(CBS News) Merck's "Madagascar 3" campaign to sell Children's Claritin has sparked a call for a federal investigation from 11 advocacy groups.
The independent research and advocacy group, the Public Health Advocacy Institute at Northeastern University School of Law in Boston, sent a letter to the U.S. Federal Trade Commission on behalf of 10 other organizations calling for an investigation into Merck & Co. Inc.'s marketing campaign for Grape-Flavored Chewable Children's Claritin. The company's campaign uses characters from the new animated movie "Madagascar 3: Europe's Most Wanted."
"Marketing medicine directly to children at all, much less through entertainment tie-ins, is well beyond the pale and is not only inherently unfair, it is downright dangerous," Mark Gottlieb, executive director of PHAI, said in a press release.
The group contends that since the film's animated characters are also being used to license Airheads candy and General Mills Fruit Snacks, marketing children's Claritin using the same characters may create the impression that medicine is candy.
"The use of the same licensed characters on fruit-flavored [over-the-counter] allergy medication, children's candy and children's gummy snacks creates a very real danger of product confusion and may induce children to over-consume Grape-Flavored Children's Claritin allergy medication" the group wrote in the letter.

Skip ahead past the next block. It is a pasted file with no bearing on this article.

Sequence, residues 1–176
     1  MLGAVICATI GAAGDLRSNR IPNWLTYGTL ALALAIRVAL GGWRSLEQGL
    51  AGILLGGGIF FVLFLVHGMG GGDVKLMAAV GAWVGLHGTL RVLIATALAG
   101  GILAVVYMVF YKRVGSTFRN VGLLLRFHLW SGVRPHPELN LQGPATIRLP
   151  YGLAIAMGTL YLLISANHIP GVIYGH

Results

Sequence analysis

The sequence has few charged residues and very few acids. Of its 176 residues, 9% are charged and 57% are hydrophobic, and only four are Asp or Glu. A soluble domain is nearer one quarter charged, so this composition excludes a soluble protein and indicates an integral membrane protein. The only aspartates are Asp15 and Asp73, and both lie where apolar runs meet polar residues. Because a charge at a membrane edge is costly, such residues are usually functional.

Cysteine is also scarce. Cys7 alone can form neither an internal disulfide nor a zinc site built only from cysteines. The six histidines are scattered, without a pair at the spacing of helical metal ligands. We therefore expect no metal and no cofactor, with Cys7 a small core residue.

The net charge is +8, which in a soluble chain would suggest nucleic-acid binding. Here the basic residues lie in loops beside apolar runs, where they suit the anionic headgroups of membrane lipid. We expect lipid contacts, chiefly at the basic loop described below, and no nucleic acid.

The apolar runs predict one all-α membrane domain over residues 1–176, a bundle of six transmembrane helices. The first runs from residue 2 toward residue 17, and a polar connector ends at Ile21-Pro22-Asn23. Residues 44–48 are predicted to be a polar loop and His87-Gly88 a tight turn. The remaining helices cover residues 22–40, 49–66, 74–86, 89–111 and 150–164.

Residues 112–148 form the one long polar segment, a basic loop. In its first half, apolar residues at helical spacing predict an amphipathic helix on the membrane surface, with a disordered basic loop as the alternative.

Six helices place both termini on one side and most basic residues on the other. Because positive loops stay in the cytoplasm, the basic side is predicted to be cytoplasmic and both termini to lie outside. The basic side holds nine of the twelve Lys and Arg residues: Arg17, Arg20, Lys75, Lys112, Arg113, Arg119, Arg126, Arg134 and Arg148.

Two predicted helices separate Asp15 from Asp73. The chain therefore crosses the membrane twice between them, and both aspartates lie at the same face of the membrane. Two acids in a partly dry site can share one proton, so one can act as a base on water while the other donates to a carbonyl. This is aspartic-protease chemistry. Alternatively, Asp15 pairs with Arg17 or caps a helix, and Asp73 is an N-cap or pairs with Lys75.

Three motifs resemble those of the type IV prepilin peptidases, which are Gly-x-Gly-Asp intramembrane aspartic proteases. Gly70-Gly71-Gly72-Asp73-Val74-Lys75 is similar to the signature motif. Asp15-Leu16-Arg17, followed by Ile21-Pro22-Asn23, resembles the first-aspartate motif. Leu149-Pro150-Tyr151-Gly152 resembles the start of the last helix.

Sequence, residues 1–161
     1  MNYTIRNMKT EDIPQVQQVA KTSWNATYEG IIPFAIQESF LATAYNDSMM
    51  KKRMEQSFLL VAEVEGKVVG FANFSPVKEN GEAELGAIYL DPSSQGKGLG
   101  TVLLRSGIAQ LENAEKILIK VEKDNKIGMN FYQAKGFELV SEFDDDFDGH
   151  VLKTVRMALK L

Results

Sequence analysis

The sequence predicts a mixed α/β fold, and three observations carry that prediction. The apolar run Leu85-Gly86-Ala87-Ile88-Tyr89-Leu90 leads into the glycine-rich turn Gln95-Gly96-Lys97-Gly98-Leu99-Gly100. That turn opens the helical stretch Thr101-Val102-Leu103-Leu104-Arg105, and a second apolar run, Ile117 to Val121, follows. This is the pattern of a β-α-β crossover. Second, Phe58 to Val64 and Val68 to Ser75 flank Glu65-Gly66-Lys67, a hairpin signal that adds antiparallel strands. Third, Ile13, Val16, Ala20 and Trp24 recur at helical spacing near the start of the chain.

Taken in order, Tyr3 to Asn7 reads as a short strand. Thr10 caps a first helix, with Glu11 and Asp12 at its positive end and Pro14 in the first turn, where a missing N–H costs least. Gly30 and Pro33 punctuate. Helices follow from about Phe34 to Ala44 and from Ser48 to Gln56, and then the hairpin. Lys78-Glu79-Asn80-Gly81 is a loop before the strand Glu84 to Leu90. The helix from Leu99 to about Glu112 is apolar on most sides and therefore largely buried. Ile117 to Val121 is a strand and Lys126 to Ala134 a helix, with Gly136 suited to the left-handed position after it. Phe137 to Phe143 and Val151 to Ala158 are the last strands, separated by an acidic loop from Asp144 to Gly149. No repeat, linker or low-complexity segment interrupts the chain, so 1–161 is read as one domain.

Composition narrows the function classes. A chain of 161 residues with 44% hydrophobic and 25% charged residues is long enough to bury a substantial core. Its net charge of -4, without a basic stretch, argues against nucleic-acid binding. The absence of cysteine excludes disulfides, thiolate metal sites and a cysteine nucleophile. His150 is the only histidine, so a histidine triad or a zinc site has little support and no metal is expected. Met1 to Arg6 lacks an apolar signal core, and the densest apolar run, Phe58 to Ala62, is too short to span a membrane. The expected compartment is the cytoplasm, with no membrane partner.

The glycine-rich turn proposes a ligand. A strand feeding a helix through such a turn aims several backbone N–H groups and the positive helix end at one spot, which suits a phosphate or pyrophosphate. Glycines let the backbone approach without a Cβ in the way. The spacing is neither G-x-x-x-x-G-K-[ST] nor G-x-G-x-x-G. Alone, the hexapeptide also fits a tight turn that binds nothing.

The group also cited a "Free Movie Ticket Offer" promotion with Claritin packages purchased at Walgreens, Claritin's Facebook page which offers free downloadable Madagascar-inspired games, and free stickers of Madagascar characters that are included in Children's Claritin packages.
Other evidence submitted by the group states that Merck told its "Children's Claritin Mom Crew" bloggers to hold Madagascar-themed viewing parties, with one blogger writing that Merck distributed "full size Claritin product featuring 'Madagascar 3,' product samples and coupons to share with my mommy friends, stickers for the kids, popcorn boxes and Madagascar 1 and 2 DVDs."
Other blogs cited in the group's letter show pictures of children holding their Claritin samples that mothers had posted.
The organizations want the FTC to act, noting the agency has regulated over-the-counter drug advertisements since 1977 when it found ads using Spider-Man to promote vitamins to children were unfair and deceptive, according to PHAI.
"Merck's 'Madagascar 3' campaign is its "first entertainment product tie-in" for Children's Claritin," the letter concludes. "Before this trade practice becomes widespread, the FTC must send a clear message that child-directed marketing of OTC drugs is unfair and deceptive and violates longstanding FTC precedent."
Merck spokeswoman Kelley Dougherty, told the New York Times that the company was reviewing the matter, and added, "We advertised in appropriate venues to reach those parents of children who may benefit from the use of Claritin, and not to the children themselves."
FTC spokeswoman Cecelia Prewett told Bloomberg that the agency received the complaint but declined further comment.